Economic and carbon emission impacts of electricity market transition in China: A case study of Guangdong Province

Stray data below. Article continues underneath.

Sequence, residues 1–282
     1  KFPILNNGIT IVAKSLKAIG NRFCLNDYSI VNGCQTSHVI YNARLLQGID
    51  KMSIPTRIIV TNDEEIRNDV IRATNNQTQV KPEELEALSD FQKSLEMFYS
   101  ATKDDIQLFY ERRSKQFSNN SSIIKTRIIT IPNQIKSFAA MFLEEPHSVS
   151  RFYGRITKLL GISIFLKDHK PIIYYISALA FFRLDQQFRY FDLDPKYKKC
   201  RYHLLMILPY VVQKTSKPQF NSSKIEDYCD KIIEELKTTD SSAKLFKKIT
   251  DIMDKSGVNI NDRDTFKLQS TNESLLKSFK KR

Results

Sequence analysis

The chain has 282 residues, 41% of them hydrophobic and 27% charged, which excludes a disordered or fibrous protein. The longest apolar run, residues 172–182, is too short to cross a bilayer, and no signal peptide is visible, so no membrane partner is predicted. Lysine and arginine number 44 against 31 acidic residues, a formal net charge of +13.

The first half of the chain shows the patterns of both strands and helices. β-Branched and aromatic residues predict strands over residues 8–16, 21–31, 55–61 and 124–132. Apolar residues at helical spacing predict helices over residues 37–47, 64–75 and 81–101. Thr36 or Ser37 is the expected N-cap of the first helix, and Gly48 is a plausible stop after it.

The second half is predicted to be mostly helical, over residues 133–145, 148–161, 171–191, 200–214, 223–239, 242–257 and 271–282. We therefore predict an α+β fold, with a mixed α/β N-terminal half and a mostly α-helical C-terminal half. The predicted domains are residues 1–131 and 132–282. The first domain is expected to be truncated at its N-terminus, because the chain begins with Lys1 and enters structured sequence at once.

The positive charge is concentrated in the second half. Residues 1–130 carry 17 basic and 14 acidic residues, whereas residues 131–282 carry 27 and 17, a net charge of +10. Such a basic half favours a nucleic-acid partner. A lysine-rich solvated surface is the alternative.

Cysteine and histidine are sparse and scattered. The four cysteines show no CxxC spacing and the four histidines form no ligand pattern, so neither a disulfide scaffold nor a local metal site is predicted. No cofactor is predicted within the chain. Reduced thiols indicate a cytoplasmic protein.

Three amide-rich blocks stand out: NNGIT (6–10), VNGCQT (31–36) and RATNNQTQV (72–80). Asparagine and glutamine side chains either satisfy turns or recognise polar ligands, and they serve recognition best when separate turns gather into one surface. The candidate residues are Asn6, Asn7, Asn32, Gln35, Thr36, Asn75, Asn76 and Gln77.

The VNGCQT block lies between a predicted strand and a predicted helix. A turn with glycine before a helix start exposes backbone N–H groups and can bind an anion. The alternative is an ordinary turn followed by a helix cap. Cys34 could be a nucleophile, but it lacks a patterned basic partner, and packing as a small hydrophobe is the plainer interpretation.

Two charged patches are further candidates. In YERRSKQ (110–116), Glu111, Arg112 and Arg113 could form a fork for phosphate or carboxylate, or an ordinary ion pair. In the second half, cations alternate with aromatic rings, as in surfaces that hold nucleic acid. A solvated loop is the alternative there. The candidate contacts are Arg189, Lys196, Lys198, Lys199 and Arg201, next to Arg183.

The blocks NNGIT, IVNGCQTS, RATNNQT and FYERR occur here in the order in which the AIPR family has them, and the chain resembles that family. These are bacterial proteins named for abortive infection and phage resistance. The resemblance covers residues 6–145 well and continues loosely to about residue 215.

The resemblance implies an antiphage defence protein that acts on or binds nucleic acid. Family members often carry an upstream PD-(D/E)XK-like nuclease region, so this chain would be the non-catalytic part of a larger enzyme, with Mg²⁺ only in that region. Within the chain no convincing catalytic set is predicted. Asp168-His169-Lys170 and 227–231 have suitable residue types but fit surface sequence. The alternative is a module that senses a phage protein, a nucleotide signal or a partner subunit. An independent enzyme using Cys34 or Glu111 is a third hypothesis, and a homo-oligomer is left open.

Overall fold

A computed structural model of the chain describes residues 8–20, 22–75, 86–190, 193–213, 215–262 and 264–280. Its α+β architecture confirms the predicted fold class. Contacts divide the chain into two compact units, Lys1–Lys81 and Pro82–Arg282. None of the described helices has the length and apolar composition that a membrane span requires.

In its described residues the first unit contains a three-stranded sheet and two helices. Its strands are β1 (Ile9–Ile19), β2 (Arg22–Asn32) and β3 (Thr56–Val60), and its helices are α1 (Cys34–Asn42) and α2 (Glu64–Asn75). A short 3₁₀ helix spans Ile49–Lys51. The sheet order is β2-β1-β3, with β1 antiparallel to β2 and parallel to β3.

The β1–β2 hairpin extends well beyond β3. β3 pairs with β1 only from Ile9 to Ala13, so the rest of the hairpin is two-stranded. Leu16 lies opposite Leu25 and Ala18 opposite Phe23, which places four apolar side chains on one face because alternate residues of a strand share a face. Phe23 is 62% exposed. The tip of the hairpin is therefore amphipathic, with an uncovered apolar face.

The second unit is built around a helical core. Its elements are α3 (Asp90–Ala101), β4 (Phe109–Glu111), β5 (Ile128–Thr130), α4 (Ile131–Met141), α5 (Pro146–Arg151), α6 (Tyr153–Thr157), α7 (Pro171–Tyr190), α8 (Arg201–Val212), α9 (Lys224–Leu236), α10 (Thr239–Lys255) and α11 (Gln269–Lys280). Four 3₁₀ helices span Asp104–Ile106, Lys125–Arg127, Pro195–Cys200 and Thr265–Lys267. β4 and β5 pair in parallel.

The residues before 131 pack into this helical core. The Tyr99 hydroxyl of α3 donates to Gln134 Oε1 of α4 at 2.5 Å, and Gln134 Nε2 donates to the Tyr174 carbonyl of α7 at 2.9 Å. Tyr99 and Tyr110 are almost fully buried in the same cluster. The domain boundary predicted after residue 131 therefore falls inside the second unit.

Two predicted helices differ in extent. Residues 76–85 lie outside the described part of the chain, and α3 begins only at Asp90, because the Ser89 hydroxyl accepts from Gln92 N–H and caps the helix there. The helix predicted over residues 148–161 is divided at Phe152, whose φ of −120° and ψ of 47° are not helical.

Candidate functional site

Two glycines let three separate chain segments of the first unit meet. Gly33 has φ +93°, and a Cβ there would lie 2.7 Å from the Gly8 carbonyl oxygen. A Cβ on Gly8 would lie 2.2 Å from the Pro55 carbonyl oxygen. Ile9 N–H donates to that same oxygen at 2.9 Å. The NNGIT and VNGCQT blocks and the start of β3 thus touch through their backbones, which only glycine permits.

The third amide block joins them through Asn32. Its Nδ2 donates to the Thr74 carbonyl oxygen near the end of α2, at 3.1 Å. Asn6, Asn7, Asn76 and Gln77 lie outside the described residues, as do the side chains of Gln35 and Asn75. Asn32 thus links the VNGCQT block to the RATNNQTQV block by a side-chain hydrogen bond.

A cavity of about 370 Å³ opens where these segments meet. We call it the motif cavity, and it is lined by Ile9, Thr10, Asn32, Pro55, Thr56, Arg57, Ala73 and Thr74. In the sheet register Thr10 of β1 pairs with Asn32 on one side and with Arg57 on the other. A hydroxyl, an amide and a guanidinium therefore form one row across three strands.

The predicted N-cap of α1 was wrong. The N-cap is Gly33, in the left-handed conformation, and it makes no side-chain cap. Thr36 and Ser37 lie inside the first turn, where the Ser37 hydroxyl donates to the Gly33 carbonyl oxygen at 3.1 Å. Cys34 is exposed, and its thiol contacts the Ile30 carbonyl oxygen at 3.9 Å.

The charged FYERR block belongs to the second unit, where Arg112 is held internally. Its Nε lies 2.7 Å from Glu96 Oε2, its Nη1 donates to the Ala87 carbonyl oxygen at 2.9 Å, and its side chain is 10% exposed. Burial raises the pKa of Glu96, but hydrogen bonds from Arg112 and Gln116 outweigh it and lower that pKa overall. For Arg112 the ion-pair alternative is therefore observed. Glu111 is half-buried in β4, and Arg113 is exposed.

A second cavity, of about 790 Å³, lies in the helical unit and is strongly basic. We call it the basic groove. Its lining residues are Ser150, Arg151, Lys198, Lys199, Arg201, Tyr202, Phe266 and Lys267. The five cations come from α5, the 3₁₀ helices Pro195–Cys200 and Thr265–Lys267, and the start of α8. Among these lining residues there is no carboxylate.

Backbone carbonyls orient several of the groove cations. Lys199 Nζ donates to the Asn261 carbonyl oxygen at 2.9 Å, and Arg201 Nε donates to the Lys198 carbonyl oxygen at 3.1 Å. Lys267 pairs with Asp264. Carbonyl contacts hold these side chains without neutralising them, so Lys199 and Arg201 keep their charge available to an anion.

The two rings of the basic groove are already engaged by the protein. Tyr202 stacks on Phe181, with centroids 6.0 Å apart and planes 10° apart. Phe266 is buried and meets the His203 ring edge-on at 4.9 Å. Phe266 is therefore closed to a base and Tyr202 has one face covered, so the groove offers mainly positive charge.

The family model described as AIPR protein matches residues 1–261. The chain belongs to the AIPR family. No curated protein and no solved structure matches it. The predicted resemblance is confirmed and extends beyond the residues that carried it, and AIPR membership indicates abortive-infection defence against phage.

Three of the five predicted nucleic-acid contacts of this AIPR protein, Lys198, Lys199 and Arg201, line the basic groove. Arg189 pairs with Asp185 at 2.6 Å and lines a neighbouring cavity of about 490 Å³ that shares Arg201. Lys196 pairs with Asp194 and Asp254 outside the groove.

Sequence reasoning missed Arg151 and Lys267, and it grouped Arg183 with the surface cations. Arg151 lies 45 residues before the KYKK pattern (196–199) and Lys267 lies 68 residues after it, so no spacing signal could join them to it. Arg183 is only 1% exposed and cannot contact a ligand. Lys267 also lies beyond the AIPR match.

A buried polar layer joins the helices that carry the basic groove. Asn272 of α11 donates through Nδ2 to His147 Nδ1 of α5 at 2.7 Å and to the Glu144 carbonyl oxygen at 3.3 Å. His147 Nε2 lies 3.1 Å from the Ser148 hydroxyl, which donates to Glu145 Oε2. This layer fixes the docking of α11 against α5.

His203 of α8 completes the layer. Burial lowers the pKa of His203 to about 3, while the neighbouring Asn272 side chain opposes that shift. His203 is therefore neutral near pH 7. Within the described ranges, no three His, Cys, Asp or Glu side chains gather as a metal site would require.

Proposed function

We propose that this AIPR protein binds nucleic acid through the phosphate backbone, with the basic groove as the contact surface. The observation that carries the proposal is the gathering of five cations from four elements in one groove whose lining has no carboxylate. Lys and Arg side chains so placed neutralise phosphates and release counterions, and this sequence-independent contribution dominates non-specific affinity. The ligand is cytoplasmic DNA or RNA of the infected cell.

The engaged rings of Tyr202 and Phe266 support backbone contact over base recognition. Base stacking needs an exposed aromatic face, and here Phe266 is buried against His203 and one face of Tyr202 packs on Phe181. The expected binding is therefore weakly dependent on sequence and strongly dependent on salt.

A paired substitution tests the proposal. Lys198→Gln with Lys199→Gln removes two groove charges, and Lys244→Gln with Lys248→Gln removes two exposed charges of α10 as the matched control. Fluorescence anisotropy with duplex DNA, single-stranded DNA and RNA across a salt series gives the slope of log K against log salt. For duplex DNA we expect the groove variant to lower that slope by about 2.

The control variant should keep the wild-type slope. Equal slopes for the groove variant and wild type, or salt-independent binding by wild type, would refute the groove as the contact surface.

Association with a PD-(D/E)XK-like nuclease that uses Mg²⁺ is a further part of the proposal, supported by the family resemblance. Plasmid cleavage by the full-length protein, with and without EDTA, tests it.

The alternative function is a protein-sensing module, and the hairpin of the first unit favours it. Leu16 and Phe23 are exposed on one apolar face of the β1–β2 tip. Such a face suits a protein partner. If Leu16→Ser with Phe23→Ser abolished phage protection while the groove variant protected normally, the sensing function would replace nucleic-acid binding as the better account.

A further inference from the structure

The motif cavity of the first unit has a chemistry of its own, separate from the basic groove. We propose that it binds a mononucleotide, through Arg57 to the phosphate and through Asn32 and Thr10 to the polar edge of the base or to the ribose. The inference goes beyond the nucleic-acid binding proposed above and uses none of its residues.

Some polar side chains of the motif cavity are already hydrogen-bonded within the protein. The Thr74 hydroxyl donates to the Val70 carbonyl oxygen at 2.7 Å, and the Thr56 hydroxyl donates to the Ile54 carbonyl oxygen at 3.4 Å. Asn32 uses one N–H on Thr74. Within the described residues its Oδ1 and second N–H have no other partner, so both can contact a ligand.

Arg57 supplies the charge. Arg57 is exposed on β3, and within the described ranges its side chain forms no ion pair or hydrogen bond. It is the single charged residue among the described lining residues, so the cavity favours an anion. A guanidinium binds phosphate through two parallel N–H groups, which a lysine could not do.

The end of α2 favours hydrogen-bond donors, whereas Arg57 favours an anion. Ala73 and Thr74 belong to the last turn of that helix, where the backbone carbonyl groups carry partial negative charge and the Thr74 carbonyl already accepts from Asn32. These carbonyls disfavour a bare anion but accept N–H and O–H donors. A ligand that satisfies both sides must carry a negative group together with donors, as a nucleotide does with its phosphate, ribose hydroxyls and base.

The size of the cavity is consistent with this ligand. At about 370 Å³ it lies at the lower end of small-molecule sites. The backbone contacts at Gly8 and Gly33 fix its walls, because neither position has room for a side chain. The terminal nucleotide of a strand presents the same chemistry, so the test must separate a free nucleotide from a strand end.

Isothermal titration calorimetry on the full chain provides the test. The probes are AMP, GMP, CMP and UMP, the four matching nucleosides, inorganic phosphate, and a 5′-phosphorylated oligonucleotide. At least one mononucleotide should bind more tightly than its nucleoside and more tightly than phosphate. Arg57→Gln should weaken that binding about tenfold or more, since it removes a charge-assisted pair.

China’s electricity system is the world’s largest, in terms of installed generating capacity, and is also the world’s largest single source of greenhouse gas emissions. In 2015, China embarked on reforms in its electricity sector that aim to introduce market mechanisms in wholesale pricing. This study provides a quantitative assessment of the economic and carbon dioxide (CO2) emission impacts of transitioning to electricity markets in China, focusing on Guangdong Province. We find that market reforms deliver significant annual cost savings (21 to 63 billion yuan, 9%–27% reduction in total costs in a base case) to consumers in Guangdong, with smaller production cost savings (12 billion yuan, 13% reduction in production costs in a base case). Savings for consumers are accompanied by a large reduction in net revenues for coal and natural gas generators, raising concerns about generator solvency, longer-term resource adequacy, and the need for transition mechanisms. Market reforms increase CO2 emissions in Guangdong, as a result of gas-to-coal switching, though higher hydropower imports from neighboring provinces could offset these emissions. CO2 pricing has a limited impact on CO2 emissions in the short run and has the potential to lead to significant wealth transfers. The most important benefit of market reforms will be in providing an economic framework for longer-term operations and investment.